The values in cells D60 and E60 of Figure 4.7, $210,698.10, show that the accounts are in balance. As noted previously, the double-entry method is meant to ensure that the total of the debits for a given period equals the total of the credits for the same period. Each transaction is a debit to one account and a credit to another.

Cells D60 and E60 total the debit and credit account balances in the general ledger. They are equal, which is evidence that the accounts are in balance. However, just because the two totals are equal doesn't necessarily mean that all entries are accurate. For example, compensating errors might exist. But if the two amounts were unequal, it would demonstrate that at least one error existed somewhere.

Creating Subsidiary Ledgers

Bell Books uses two subsidiary ledgers: accounts receivable and accounts payable. The purpose of these ledgers is to keep tabs on accounts that customers have with Bell Books and that Bell Books has with its suppliers. Figure 4.8 shows the accounts receivable ledger.

Figure 4.8

Figure 4.8 The accounts receivable ledger helps track the status of individual accounts.

Neither the accounts receivable ledger nor the accounts payable ledger links to the general ledger. Each subsidiary ledger repeats some of the information in the general ledger; specifically, the accounts receivable ledger provides details about the individual accounts for Bell Books' credit customers.

Two worksheet buttons appear on the accounts receivable ledger. One is labeled Post from Sales Journal. That button contains VBA code that posts information about noncash sales from the sales journal to the accounts receivable ledger. Clicking the button causes the VBA code to run. The button labeled Post from Cash Receipts Journal also contains associated VBA code that posts information from the cash receipts journal to the accounts receivable ledger. The cash receipts represent payments for credit sales that were recorded in the sales journal.

The accounts receivable ledger also contains a pivot table that provides the current balance for each of the accounts receivable.

In Figure 4.8, cell D9 contains the value $326.67. That value represents the payment received from Fred Howell on June 8 that was entered into the cash receipts journal (refer to cell I8 of Figure 4.4). The value $326.67 is transferred to the general ledger (refer to cell E13 of Figure 4.6) as part of the total of the credits to accounts receivable from the cash receipts journal.

This example illustrates that amounts posted to subsidiary ledgers must be included in two ledgers: both the subsidiary ledger and the general ledger. Doing so ensures that the account's amount, as shown in the general ledger, equals the amount shown in the subsidiary ledger.

Automating the Posting Process

You can put buttons in various places in an Excel workbook; for example, you can put buttons on worksheets and user forms such as dialog boxes. By associating the button with VBA code, you can cause Excel to take the actions you want it to when the button is clicked. Here's how to create a button on a worksheet using Excel 2007 or Excel 2010:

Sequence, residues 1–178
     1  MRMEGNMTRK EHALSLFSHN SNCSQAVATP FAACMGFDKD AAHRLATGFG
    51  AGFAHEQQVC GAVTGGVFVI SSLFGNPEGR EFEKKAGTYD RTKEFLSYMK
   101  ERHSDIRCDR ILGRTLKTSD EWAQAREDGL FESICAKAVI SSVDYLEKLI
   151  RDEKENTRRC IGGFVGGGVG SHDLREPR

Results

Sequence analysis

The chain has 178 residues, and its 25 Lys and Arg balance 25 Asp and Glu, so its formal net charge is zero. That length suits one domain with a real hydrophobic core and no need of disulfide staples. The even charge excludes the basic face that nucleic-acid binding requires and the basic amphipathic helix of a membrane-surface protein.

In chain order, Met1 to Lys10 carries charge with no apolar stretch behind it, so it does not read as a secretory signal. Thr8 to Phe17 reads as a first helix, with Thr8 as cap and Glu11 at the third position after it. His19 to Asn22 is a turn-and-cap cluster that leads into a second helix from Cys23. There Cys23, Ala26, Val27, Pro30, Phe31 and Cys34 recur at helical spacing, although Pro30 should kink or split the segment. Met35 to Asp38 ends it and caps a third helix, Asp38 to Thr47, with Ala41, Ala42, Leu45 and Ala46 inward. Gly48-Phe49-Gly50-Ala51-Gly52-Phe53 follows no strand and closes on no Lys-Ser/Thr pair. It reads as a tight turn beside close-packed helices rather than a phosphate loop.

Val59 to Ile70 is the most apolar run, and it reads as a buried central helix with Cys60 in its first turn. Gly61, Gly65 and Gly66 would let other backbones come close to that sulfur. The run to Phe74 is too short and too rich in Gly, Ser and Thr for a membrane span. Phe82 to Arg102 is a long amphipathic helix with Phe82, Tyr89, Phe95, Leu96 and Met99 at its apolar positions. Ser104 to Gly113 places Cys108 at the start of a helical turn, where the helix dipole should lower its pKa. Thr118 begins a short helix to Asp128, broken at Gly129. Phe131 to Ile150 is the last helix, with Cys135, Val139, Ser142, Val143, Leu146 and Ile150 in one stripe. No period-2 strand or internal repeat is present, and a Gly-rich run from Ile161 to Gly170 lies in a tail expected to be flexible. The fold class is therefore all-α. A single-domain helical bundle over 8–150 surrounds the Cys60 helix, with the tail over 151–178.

1. Click the Developer tab and then click Insert in the Controls group.
  2. Click the Command Button icon in the ActiveX Controls section. Move the mouse pointer over the worksheet.
  3. Holding down the left mouse button, drag across and down on the worksheet to indicate where you want the button to appear. Then release the mouse button.
  4. The Command button is established on the worksheet. Right-click the Command button to invoke a shortcut menu. One of its items is View Code. When you are ready to provide the VBA code that is to run when the button is clicked, select the View Code item.
  5. The button has a default label, CommandButton1 if it's the first Command button on the worksheet. You can change the label in various ways, including this one: Right-click the button and select CommandButton Object, Edit from the shortcut menu. When you move your mouse pointer over the button's label, the pointer changes to an I-bar. Hold down the left mouse button and drag across the label to highlight it. Then type whatever text you want to appear on the button.
  6. Deselect the button by clicking any worksheet cell.

The Post from Sales Journal button shown in Figure 4.8 is linked to the VBA procedure named PostFromSalesToAR in Listing 4.1, which actually performs the posting.

Listing 4.1. VBA Procedure PostFromSalesToAR

Option Explicit
Option Base 1

Sub PostFromSalesToAR()
Dim SalesDate As Range, Acct As Range, Posted As Range, SalesAmount As Range
Dim ThisTransaction As Integer, NextEntryRow As Long

With Sheets("Sales Journal")
   Set SalesDate = .Range("TransactionDate")
   Set Acct = .Range("Account")
   Set Posted = .Range("Posted")
   Set SalesAmount = .Range("SJDebitsCash")
End With
NextEntryRow = ThisWorkbook.Sheets("Accts Receivable Ledger") _

For ThisTransaction = 1 To Acct.Rows.Count
    If Posted(ThisTransaction) <> Chr(252) Then
        With ThisWorkbook.Sheets("Accts Receivable Ledger")
            .Range("TransactionDate").Offset(NextEntryRow, 0).Resize(1, 1) = _
            .Range("AccountNames").Offset(NextEntryRow, 0).Resize(1, 1) = _